The insight is that diversification of revenue sources is critical for a healthy nonprofit. Two donors of $500 is better, for instance, all else equal, than one of $1000, and a thousand donors of a dollar each is yet better. The reasons include bolstering editorial independence and being less vulnerable to the moods or just changing circumstances of any one donor. Moreover, as we acknowledged at the outset, earned revenues, precisely because they are transactional and replicable, are likely to be more sustainable.
But each source of revenue requires a different type of effort, and the transaction costs (especially in staff time) can be considerable. In my observation and experience, one million dollars in contributions is far better than $900,000 in donations and $5000 each in net advertising, data and syndication sales. Indeed, we can measure the difference: it’s about 9% better (assuming roughly the same cost of obtaining the donations).
A good bit of the silliness about counting revenue sources has faded in recent years, but one vestige is an effort to count various kinds of donations as different “revenue streams,” unrelated to others. Yes, there are important differences in raising money from institutional foundations (those with professional staff deciding how to give away other people’s money), wealthy people and smaller donors (“members”) approached through email and direct mail. Yet, while the techniques of how to approach these constituencies significantly differ, it’s very important, I think, to remember that all are donors, giving out of belief, and that none of these relationships are, at base, transactional.
More is better, less is more likely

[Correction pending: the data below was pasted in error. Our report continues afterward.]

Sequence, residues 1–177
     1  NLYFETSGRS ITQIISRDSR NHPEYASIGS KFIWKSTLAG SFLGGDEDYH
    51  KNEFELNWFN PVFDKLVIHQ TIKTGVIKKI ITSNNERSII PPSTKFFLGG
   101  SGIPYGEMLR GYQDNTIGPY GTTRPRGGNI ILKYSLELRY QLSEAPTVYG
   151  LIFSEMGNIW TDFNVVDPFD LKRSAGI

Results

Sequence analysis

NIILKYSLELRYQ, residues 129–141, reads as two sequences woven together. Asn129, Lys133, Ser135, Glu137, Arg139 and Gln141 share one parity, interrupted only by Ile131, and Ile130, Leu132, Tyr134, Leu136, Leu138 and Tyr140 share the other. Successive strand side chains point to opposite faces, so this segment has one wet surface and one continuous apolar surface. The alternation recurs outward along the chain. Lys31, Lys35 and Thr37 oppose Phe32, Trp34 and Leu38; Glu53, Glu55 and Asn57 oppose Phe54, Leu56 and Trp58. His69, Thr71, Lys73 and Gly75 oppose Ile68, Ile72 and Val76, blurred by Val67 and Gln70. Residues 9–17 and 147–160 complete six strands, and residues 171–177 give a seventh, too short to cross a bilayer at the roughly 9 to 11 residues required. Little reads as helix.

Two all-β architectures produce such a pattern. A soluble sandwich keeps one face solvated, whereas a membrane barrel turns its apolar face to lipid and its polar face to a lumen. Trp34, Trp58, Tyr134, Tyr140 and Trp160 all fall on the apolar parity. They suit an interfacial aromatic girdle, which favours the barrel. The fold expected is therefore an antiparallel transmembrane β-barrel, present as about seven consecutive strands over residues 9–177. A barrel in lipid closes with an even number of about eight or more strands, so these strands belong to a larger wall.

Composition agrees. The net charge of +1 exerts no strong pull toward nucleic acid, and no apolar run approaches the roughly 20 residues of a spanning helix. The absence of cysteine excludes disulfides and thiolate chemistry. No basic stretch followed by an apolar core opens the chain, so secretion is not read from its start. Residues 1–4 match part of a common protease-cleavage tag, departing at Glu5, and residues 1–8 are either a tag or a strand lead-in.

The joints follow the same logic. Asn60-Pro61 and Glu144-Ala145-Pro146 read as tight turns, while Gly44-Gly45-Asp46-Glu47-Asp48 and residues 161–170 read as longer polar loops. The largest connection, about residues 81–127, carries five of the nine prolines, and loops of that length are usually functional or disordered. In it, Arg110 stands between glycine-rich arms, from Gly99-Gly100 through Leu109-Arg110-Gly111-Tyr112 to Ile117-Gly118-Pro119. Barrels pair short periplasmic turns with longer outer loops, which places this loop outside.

I don’t want to be misunderstood here. More (net) earned revenues are generally better than less. Sources of net earned revenues are worth exploring and exploiting.
That said, almost 15 years into the current flowering of nonprofit news, very few organizations have developed any meaningful amount of earned revenues. (ProPublica’s new annual report puts their figure for 2021 at less than one percent of total revenues.) When you see such results as a common thread across hundreds of efforts, I think the world is trying to tell you something.
One last, related point: The pressure to “diversify” revenues is leading to some calls for news organizations to simultaneously seek money both through membership (donations) and paywalls (earned revenue). For the most part, this advice is being proffered to for-profits, who represent the considerable majority of newsrooms for whom paywalls have been successful, even as most paywall strategies appear to be falling short.
I think it’s generally unwise to try this.
The two marketing approaches are quite different, and the optimal timing at some variance (many, many membership gifts, for instance, come at year-end, while subscriptions are spread much more evenly across the calendar). It might make sense to solicit additional donations at the time of subscription/renewal, but running what amounts to separate campaigns aimed at the same readers seems to me almost impossible to track for effectiveness, with the risk of depressing critical renewal rates all too real.